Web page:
Tesla recalls nearly 130,000 vehicles over infotainment system overheating – WSVN 7News | Miami News, Weather, Sports

(CNN) — Tesla has recalled 129,960 vehicles this month to repair infotainment systems that can overheat before and during fast charging.

Tesla says it is fixing the flaw with an over-the-air software update, which refreshes software wirelessly like a smartphone app update, making the recall less of a burden on Tesla and affected owners. Tesla owners do not have to take their vehicles to a gas station.

Tesla has issued seven recalls this year for the 2022 Model 3 and six for the 2022 Model Y, all of which have been resolved with over-the-air software updates. Cars, especially electric vehicles, are increasingly dependent on computers to function, so software solutions are likely to become more common. The repairs can also be much cheaper to make compared to purchasing and installing physical parts such as new airbags or engine components.

The recall issued this month includes Tesla Model 3s and Model Ys from 2022, as well as Model Ss and Model Xs from 2021 and 2022 that use certain versions of Tesla’s operating system. A computer chip in the infotainment system in these Teslas may not cool enough, leading to slow processing or a reboot. The infotainment system may lag or appear blank. Tesla owners rely on the infotainment system for many functions, including navigation, music, heating and air conditioning, adjusting the wiper speed and viewing the rear view camera.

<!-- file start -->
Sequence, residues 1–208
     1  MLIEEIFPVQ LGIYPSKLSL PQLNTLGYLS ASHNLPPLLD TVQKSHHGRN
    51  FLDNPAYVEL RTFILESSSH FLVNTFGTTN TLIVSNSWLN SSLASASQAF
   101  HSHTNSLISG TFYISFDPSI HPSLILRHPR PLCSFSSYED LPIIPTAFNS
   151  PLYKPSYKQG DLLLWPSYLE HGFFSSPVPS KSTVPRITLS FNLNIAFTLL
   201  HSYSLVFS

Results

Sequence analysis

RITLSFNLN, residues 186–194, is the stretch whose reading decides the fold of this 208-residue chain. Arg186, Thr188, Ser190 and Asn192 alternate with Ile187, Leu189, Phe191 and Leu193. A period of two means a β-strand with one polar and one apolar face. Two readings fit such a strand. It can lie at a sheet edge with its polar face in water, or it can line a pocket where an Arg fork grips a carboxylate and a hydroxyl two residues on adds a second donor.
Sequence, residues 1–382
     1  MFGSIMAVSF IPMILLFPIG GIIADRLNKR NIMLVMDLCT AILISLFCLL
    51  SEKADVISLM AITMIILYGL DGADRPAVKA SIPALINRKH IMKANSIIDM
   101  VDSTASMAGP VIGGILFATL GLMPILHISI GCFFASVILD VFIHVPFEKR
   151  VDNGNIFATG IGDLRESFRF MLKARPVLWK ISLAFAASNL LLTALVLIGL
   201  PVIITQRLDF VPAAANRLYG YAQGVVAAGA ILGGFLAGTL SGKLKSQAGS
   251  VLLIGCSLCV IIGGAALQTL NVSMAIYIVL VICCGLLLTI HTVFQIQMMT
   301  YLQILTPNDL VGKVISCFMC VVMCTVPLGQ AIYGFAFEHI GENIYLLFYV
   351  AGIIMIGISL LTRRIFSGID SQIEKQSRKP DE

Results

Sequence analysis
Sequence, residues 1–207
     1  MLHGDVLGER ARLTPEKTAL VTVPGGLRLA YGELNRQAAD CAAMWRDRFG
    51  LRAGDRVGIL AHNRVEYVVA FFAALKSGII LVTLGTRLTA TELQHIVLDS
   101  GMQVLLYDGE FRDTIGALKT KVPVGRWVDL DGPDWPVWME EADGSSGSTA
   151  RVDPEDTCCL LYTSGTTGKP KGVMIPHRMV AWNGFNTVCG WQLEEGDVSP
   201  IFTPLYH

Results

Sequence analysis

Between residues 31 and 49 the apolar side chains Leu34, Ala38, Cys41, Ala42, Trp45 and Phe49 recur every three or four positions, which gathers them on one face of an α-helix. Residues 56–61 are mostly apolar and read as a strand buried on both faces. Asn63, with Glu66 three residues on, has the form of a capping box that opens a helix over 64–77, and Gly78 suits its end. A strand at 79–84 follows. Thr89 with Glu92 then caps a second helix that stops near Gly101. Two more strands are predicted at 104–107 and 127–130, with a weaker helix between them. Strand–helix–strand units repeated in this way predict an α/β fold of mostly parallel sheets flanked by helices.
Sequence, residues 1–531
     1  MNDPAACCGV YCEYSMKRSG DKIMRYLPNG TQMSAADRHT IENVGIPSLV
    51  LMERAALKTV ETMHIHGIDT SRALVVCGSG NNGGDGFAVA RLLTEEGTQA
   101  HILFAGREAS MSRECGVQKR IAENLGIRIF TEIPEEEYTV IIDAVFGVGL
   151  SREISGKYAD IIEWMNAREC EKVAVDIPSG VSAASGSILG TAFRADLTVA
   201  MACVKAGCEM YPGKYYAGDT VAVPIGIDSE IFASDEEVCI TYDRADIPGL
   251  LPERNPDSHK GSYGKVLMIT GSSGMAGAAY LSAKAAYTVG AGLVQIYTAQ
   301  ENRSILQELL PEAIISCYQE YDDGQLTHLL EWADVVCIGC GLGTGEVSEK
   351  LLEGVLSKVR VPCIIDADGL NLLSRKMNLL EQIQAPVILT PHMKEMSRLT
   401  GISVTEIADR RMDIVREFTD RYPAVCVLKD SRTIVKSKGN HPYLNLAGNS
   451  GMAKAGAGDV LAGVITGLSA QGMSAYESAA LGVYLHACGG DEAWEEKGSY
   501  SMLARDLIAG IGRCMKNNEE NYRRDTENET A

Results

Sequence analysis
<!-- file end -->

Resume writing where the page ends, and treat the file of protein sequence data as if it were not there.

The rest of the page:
Tesla said in a public filing with the National Highway Traffic Safety Administration it had identified 59 warranty claims and reports about the issue. The problem was initially solved in some vehicles in January by replacing the computer chip in the affected infotainment systems. By April, it had developed a software update to address the issue.

Tesla said it was not aware of any crashes, injuries or deaths associated with this condition.

A single traditional recall, requiring affected owners to bring the vehicle in for service, can financially cripple an automaker, who has to pay for the labor and parts to make repairs. General Motors spent $4.1 billion in 2015 on recalls for issues such as faulty ignition switches.

Recall completion rates are much higher for software updates than traditional recalls, which is a security benefit. Experts say one downside of wireless updates is that they can encourage automakers to release features that haven’t been tested enough and may be rough.

Tesla did not respond to a request for comment.

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